Breast milk contains complex microbial communities that are thought to be important for colonizing a preterm infant’s gastrointestinal tract. Although previous research has investigated breast milk from mothers of full-term babies, little is known about the microbiota in the breast milk of mothers who have premature babies (preterm) and the factors that influence its composition. The team found that mothers of preterm babies have highly individual breast milk microbiomes, and that even short courses of antibiotics have prolonged effects on the diversity and abundance of microbes in their milk.
The study is the largest to date of breast milk microbiota in mothers of preterm infants, and it is the first to show that antibiotic class, timing, and duration of exposure have particular effects on the most common microbes in breast milk—many of which have the potential to influence growth and immunity to disease in newborns.
This work is published in the article, “Mothers of Preterm Infants Have Individualized Breast Milk Microbiota that Changes Temporally Based on Maternal Characteristics,” in Cell Host & Microbe.
“It came as quite a shock to us that even one day of antibiotics was associated with profound changes in the microbiota of breast milk,” said Deborah O’Connor, PhD, professor and chair of nutritional sciences at the University of Toronto. “I think the take-home is that while antibiotics are often an essential treatment for mothers of preterm infants, clinicians and patients should be judicious in their use.”
Most antibiotic stewardship programs in neonatal intensive care focus on limiting use in newborns themselves. The current study adds to growing evidence that these programs should include a focus on mothers as well, said O’Connor.
The researchers characterized the temporal dynamics of microbial communities in 490 breast milk samples from 86 mothers of preterm infants (born <1,250g) over the first eight weeks postpartum. They found highly individualized microbial communities in each mother’s milk that changed temporally with notable alterations in predicted microbial functions.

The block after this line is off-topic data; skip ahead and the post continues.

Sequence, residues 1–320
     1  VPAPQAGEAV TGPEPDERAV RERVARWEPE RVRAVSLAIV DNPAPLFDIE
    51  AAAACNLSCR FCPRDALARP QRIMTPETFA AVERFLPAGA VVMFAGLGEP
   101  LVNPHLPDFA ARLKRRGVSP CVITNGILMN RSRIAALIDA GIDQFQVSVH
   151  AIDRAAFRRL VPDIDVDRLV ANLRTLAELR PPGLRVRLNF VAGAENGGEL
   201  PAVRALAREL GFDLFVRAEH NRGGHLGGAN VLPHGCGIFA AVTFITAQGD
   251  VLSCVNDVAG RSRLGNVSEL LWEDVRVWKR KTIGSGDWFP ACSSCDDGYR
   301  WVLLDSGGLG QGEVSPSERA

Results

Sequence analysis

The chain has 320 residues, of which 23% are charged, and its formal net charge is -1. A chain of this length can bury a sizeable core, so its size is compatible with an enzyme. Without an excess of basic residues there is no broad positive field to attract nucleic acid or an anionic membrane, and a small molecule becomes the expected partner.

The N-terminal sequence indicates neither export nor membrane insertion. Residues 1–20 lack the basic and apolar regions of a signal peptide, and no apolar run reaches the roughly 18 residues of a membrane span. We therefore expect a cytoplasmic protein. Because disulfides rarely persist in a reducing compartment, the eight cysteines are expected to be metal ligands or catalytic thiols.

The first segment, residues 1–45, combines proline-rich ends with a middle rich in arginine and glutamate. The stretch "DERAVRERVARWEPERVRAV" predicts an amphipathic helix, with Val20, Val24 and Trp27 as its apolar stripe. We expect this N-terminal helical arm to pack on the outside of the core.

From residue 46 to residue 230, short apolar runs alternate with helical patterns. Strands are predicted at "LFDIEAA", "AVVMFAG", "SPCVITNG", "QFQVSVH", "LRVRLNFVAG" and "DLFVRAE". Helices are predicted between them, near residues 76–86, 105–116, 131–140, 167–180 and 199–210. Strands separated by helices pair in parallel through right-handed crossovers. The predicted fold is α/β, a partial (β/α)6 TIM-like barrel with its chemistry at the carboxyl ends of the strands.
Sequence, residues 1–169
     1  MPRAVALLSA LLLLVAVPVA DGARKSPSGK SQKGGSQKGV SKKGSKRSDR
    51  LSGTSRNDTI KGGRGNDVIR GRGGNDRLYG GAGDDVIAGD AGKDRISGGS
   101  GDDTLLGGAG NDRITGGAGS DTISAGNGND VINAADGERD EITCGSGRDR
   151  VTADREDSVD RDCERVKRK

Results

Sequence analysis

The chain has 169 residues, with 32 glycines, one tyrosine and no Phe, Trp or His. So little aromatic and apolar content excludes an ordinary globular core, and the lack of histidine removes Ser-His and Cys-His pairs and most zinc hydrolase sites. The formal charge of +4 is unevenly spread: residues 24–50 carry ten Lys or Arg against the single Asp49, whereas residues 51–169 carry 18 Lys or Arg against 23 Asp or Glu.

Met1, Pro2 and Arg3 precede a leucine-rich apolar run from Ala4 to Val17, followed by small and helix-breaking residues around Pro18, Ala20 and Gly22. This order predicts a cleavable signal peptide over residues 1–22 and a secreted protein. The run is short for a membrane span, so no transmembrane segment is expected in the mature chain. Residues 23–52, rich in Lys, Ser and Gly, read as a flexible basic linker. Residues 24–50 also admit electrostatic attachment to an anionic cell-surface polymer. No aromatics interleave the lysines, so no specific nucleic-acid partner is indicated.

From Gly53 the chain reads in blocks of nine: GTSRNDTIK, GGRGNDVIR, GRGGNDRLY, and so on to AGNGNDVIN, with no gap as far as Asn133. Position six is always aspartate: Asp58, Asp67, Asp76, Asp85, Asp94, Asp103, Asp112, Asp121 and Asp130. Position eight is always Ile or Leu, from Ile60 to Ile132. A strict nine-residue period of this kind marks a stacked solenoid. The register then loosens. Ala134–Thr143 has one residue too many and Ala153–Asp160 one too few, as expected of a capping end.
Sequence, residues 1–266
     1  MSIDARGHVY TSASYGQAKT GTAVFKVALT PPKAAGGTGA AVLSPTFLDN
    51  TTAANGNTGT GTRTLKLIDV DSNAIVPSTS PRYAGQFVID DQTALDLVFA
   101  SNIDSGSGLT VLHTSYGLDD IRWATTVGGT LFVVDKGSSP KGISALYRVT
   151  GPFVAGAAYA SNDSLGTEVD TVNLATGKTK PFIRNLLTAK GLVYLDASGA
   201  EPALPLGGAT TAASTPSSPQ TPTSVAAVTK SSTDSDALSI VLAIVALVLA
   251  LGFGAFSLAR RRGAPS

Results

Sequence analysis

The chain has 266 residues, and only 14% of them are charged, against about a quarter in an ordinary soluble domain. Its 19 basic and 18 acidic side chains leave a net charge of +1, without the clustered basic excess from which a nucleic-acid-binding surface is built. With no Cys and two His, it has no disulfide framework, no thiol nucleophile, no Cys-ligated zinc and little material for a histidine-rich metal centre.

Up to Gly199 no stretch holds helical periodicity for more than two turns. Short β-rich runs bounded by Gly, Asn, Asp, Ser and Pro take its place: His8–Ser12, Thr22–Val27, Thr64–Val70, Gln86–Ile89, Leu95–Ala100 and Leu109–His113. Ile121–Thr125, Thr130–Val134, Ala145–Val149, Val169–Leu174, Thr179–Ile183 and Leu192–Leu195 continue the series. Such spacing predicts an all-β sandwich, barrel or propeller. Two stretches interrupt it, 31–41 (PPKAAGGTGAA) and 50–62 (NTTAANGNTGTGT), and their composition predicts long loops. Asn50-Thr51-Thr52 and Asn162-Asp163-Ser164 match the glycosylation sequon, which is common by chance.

They found that the mothers’ pre-pregnancy BMI, delivery mode, and antibiotics were associated with changes in these microbial dynamics. Individual classes of antibiotics and their duration of exposure during prenatal and postpartum periods showed unique relationships with microbial taxa abundance and diversity in mother’s milk.
But the effects of antibiotics were the most pronounced, and in some cases, they lasted for weeks. Many of the antibiotic-induced changes affected key microbes known to play a role in fostering disease, or in gut health and metabolic processes that promote babies’ growth and development.
“Overall we saw a decrease in metabolic pathways, and increase in more pathogenic pathways in bacteria over time,” said Michelle Asbury, a doctoral student in O’Connor’s lab and lead author on the paper. “Of particular concern was an association between antibiotics and a member of the Proteobacteria phylum called Pseudomonas. When elevated, Proteobacteria in a preterm infant’s gut can precede necrotizing enterocolitis.”
About 7% of babies born preterm develop necrotizing enterocolitis, a frequently fatal condition in which part of the bowel dies. A class of antibiotics called cephalosporins also had a big effect on the overall diversity of breast milk microbiota.
Asbury said it is too early to know what the findings mean for preterm infant health and outcomes. She and her colleagues will dive into those questions over the next year, as they compare their findings with stool samples from the preterm infants involved in the study. This should reveal whether changes in the mothers’ milk microbiomes are actually seeding the infants’ guts to promote health or increase disease risk.
Meanwhile, she added that it’s important for mothers with preterm infants to continue to take antibiotics for some cases of mastitis, blood infections, and early rupture of membranes. Roughly 60% of women in the current study took antibiotics—highlighting both the vast need for these drugs and the potential for some overuse.
Should this impact advice on breastfeeding? Sharon Unger, MD, associate staff neonatologist at the Hospital for Sick Children (SickKids) and professor at the University of Toronto said that the benefits of breastfeeding far outweigh the risk that antibiotics can disrupt the breast milk microbiome, and that mothers should without question continue to provide their own milk when possible.
“But I think we can look to narrow the spectrum of antibiotics we use and to shorten the duration when possible,” Unger said. She added that advances in technology may allow for quicker diagnoses of infection and better antibiotic stewardship in the future.
As for the rapidly moving field of microbiome research, Unger said it holds great promise for preterm infants. “Clearly the microbiome is important for their metabolism, growth, and immunity. But emerging evidence on the gut-brain axis and its potential to further improve neurodevelopment for these babies over the long term warps my mind.”
These results highlight the temporal complexity of the preterm mother’s milk microbiota and its relationship with maternal characteristics as well as the importance of discussing antibiotic stewardship for mothers.